Interview | Cradeaux Alexander

American video and performance artist Cradeaux Alexander presents a mid-career retrospective this month at Bow Arts, London. Jemima Walter met him to uncover how...

Archive | Memories of Modigliani by Anna Akhmatova

First published in the August 1964 edition of the London Magazine (Vol. 4 No.5) (translated from the Italian text by Bernard Wall) I can well believe...

Archive | Fiction | Silvio by Arturo Vivante

  First published in the June 1970 edition of The London Magazine (Vol. 10, No. 3) Like a statue too finely carved, too finished and perfected,...

Event Preview | Face Value by The Lot 5 Collective

CRAFT ISN’T A DIRTY WORD The art world has been divided since the beginning of the twentieth century. On the one side, the rejection of...

Archive | Poetry | Peter Bland

Peter Bland, the New Zealand writer and actor, has written extensively over his long career, and has been lauded with many accolades, among them...

Fiction | On His Own Ground by Vis Nathan

  First published in the December 1976/January 1977 of The London Magazine (Volume 16, No.5) Gopal entered his cubby-hole surrounded by huge racks bulging with musty...

Review | Promising Young Women by Caroline O’Donoghue

This year has truly brought to the fiction scene some of the most stunning and powerful female characters. From the extreme – such as My...

Confessions of an English Opium Eater: An Essay by David Punter

Before its controversial and ground-breaking publication as a book in 1822, Thomas De Quincey's autobiographical account of opiate addiction Confessions of an English Opium...

Charles Dibdin – Christmas Gambols

Charles Dibdin (1745-1814) has a strong claim to be Britain’s first pop star. He became famous as a performer in the 1760s, then went...

Interview | Karen Ashton, founder of the Vauxhall Art Car Boot...

  This Sunday, the Art Car Boot Fair Pulls Back In To Vauxhall Back to its roots in the heart of South London, this year’s Vauxhall...

The Threepenny Opera

If you put on a production of Romeo and Juliet in Verona, how much does anyone care that the action is ostensibly set in...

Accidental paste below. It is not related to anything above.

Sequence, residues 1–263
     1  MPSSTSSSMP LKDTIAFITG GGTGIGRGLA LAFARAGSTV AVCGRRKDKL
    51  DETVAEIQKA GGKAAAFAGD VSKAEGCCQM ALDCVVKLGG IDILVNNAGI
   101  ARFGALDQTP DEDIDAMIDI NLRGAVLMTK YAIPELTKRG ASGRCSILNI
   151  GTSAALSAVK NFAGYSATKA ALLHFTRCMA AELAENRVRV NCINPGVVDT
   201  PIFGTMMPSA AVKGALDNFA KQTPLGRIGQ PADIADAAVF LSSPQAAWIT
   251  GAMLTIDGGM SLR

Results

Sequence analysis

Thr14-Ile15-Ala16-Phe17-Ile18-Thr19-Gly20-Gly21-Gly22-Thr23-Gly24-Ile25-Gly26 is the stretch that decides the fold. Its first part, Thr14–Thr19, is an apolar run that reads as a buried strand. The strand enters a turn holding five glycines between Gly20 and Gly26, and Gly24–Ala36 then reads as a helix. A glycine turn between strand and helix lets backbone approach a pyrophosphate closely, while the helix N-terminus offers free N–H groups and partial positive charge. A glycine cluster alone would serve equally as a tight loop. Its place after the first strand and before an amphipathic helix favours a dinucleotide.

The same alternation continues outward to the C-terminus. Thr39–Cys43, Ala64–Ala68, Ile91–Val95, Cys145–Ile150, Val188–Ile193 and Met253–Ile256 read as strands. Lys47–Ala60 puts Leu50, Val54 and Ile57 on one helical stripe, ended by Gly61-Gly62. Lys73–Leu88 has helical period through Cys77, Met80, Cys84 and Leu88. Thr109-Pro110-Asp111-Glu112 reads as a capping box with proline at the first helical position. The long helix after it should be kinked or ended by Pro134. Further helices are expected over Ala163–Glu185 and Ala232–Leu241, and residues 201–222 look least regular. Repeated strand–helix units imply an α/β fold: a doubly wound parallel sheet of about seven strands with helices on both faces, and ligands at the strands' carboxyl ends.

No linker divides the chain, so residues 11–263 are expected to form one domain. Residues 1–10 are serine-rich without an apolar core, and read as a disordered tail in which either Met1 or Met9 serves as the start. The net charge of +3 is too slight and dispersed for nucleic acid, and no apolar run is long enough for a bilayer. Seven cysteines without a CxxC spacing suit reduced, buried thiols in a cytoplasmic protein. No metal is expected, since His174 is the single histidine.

The Red and Yellow Nothing by Jay Bernard

It is difficult to put a finger on the immediate aftermath of reading The Red and Yellow Nothing: there is puzzlement, rage, and wonder,...

My London by Tristram Fane Saunders

Home is a box on Coppermill Lane, caught in the crosshairs of Walthamstow High Street and Blackhorse Road. It’s a one-bed flat on two floors,...

A Strangeness in My Mind by Orhan Pamuk

I was reading Orhan Pamuk’s Snow in London recently, when a Scottish man stopped me to say how much he’d enjoyed it – ‘best book ever’, he...

The Lobster

If you were to be turned into an animal what animal would you choose? This question remains at the forefront of Yorgos Lanthimos’s first...

Macbeth

Scotland herself is the main character in this blood-soaked reimagining of Shakespeare's shortest tragedy. So enamoured is director Justin Kurzel of his Highland landscape...

Jackson Pollock: Blind Spots

Upon viewing Jackson Pollock’s 1951 solo show in which he debuted his now famed ‘black paintings’, friend and fellow painter Alfonso Ossorio commented that...

40 Sonnets by Don Paterson

  Paterson is at his best when writing about heartbreak. “The Six,” this reviewer’s favourite piece in 40 Sonnets, speaks of a guitar picked up...

The Heart Goes Last by Margaret Atwood

In 2009, Ursula K. Le Guin caused something of a stir in the science-fiction community by contradicting Atwood’s claim that her novels belonged to...

The New World by Chris Adrian & Eli Horowitz

The New World Chris Adrian & Eli Horowitz Granta, £12.99 (paperback) The New World opens grippingly by immersing the reader in the consciousness of Jane, a...

Iain Sinclair and Will Self on Walking London

I’ve got a new eternal certainty to file alongside death and taxes: if you walk around London enough, and you know what he looks...

Undermajordomo Minor by Patrick DeWitt

'Cheerily, then, as one making teatime conversation, she asked “do you yourself ever think of suicide?” Lucy pondered this. “No more than is customary,...

The Heart Goes Last by Margaret Atwood

The Heart Goes Last Margaret Atwood Bloomsbury, £18.99 Reworked from an e-serial, Atwood’s latest novel is as captivating and humorous as her previous work. The America inhabited...

Purity by Jonathan Franzen

Jonathan Franzen likes big books. Each one of his critically acclaimed works are weighty door-stoppers but their tangible size in no way matches the...

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